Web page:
Corporate Giving from the Front Lines

stjudelogo The holiday season is officially upon us, which means it’s time for turkey and gravy, Christmas carols, Chanukah lights, and lots of family time.

For many people, the holidays also mean shopping. Lots of shopping.

This holiday season actually finds me working retail at one of my favorite stores (a national culinary specialty store that will remain nameless).

While I’m still splitting my time between job searching, contract work and volunteering, I thought getting into the spirit of holiday retail would be a great way to keep busy and make some cash (not to mention take advantage of a sweet employee discount!).

Interestingly, though, as an advocate for corporate responsibility, working retail this holiday season has also given me the chance to see what CSR on the ground floor looks like.

After all, many companies can claim to have a culture and value system that encourages giving back, but how does that belief system actually trickle down to a local level?

But before I dig into the details, let me first ask: how many of you have been out shopping recently and were asked by a sales associate at the register to donate to a cause? If your experience is anything like mine, you’ve been asked for a lot of donations from a lot of different retailers recently.

Now, in a past life I was a fundraiser, so I understand the importance of asking. Yet even I have to admit that I’ve been suffering from donor fatigue these days – not because I don’t want to support important causes, but really more because I’m just tired of being solicited all the time.

So you can imagine my delight (read: chagrin) when I first learned that, as a holiday cashier, it was my responsibility to ask people to donate to St. Jude Children’s Research Hospital.

Don’t get me wrong: it’s not that I didn’t support the cause. St. Jude is an incredible organization doing amazing work to provide treatment to children with cancer and other illnesses, regardless of their families’ ability to pay. And children’s health is personally very important to me, given my own experience losing two childhood friends to cancer.

But asking customers for money? When they’re already exhausted and overwhelmed with holiday shopping? I was skeptical.

Nonetheless, on my first day on the job, I tried to put down my own anxiety about asking customers for donations, and instead channeled my own personal connection to this very important organization.

“Would you like to add a dollar donation to St. Jude’s today?” I asked customers as a rang up the next sale.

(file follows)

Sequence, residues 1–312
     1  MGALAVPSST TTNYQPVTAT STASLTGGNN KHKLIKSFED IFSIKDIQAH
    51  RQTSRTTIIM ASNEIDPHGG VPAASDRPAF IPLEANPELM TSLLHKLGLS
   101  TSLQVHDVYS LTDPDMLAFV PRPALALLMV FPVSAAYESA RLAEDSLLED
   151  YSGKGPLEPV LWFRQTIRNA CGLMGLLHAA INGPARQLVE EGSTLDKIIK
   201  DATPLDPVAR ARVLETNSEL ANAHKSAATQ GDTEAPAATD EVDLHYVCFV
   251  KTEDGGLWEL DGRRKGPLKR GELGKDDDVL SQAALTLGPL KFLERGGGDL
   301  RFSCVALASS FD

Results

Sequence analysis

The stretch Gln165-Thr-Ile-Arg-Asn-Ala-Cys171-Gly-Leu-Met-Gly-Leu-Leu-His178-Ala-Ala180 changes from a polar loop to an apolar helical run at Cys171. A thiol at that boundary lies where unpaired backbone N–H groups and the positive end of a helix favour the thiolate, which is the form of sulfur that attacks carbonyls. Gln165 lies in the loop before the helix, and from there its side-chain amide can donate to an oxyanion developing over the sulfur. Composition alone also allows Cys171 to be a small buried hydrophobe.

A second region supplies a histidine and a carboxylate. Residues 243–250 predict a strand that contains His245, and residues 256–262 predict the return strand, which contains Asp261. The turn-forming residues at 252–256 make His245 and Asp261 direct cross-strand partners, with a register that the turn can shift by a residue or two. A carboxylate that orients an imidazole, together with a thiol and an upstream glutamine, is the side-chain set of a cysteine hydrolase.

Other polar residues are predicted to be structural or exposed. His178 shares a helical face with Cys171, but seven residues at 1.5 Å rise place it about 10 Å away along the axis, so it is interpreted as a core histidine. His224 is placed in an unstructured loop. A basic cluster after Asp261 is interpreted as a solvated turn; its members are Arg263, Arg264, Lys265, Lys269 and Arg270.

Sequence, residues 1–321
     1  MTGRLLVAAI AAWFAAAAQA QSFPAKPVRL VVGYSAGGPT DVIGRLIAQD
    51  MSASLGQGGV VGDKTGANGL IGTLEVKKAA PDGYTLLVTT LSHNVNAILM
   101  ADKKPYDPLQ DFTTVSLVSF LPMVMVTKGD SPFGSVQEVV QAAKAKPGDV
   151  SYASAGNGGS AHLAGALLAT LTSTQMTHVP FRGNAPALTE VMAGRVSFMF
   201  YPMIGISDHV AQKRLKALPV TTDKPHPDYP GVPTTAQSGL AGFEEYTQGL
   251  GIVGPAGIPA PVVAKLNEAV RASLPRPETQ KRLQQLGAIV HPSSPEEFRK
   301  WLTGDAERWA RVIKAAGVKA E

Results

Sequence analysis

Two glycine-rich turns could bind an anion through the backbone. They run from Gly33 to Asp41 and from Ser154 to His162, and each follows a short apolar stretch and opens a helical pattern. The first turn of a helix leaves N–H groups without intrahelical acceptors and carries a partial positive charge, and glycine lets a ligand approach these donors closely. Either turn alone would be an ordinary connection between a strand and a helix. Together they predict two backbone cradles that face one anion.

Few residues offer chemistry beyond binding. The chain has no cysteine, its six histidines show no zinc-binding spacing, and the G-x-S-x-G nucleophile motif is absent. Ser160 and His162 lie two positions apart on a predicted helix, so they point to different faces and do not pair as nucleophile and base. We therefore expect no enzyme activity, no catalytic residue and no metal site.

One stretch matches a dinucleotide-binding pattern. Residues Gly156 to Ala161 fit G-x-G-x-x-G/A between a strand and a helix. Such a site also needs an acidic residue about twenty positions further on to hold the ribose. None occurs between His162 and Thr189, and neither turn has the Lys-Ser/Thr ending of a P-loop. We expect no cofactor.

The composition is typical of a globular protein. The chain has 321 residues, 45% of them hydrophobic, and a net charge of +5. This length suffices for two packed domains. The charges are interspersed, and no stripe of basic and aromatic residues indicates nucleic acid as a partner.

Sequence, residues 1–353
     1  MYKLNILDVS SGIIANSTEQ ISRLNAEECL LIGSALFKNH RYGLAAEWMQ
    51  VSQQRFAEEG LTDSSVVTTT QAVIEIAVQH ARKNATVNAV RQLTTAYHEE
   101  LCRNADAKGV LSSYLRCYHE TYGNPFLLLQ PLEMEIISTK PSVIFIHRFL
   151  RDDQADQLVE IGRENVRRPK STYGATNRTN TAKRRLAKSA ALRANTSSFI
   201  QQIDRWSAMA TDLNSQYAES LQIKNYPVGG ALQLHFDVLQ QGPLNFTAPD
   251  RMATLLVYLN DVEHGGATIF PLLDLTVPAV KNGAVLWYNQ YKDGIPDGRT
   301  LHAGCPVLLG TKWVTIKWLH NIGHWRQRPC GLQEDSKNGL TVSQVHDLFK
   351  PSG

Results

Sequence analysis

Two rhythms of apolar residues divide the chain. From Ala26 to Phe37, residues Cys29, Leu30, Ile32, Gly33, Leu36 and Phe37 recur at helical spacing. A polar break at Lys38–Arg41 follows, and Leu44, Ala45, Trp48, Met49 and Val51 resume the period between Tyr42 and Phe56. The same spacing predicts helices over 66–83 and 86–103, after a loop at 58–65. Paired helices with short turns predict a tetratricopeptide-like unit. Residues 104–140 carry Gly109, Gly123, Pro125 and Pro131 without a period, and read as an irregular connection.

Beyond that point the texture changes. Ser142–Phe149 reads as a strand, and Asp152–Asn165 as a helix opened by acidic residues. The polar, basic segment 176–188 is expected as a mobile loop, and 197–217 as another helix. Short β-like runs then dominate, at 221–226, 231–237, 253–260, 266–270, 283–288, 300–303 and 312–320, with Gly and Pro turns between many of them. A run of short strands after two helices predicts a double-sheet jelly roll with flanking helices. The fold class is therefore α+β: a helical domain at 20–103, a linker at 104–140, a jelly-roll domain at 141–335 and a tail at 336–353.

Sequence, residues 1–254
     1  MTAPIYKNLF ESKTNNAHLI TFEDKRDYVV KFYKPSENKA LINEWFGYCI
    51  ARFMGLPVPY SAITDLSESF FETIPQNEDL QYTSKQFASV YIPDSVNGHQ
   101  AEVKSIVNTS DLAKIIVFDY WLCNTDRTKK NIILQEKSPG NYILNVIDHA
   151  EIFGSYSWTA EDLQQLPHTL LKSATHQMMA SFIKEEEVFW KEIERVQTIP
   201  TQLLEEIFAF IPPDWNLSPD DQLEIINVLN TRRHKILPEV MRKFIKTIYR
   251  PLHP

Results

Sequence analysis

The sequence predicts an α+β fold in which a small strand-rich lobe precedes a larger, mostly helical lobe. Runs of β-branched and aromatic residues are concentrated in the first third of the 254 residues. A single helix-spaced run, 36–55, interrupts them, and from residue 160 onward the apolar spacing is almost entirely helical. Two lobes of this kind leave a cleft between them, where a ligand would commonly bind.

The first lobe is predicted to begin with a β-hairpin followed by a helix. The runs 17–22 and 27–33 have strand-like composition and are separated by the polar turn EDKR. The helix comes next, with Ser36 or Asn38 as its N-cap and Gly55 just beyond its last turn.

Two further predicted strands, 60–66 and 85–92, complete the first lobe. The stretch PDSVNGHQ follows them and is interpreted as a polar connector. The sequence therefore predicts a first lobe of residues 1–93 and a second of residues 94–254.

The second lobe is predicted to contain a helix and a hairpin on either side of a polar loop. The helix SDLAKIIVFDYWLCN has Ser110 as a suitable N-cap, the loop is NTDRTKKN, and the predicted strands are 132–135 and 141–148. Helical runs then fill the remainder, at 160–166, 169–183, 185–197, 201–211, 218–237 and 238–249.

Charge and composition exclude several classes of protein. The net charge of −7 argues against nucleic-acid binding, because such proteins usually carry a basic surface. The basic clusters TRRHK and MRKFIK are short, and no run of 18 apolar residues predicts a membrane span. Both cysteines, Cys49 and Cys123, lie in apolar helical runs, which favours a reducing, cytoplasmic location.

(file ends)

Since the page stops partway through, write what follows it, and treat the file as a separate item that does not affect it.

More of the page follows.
And you know what? They did!

Sure, some people said no. Some said they already support other charities, while a handful of others just said they weren’t interested. But to my surprise and delight, a lot of people said yes.

While I’m still new to holiday retail, I can say I’ve been really impressed to see the reaction that St. Jude has gotten both from customers and the company. While I don’t know a ton of history about the company’s partnership with St. Jude, I do know that over the years it’s provided millions of dollars – through customer donations and its own corporate philanthropy – to the hospital in support of its programs.

The best part – or should I say, the most striking part – of my experience asking for customer support for St. Jude has been the push that local store management has made to set and meet goals for donations. Of course, setting goals in a retail environment, especially during the holidays, is a no-brainer. But to set and push goals around charitable donations? That was new to me.

In fact the store that I work at has a very ambitious goal to reach for customer donations to St. Jude, and managers are holding us all accountable for hitting this target.

As an example, at a recent staff meeting, the topic of conversation wasn’t just what’s on sale or what items to push; instead, much of our meeting was spent discussing St. Jude – why it’s an important organization to support, how customers and employees can get involved, and what our donation goals were for the day. And amazingly, even during our busiest times that day, the manager didn’t check in about what was selling, but what was being donated!

When I applied to this holiday job, I didn’t expect to get up close and personal with the company’s corporate giving campaign. But let me tell you – as a new employee it’s been incredibly heartening to so quickly and obviously see the company support a cause that’s meaningful to me.

More than that, it’s been inspiring to see customers embrace this campaign as readily as they have. There are so many important causes that could use our support, and with so many organizations to choose from, it’s easy to assume that customers will react negatively to yet another request for money.

Then again, when you think about it, all I’ve been doing at the register is rallying my community to support others in need.

If it really does take a village, as they say, then I’ve been very impressed by my village’s willingness to help out at the holidays.

With that in mind, I hope the next time you’re asked to give back at the register, you’ll also think about doing your part.

I wish each of you a restful and fulfilling Thanksgiving holiday, and happy shopping!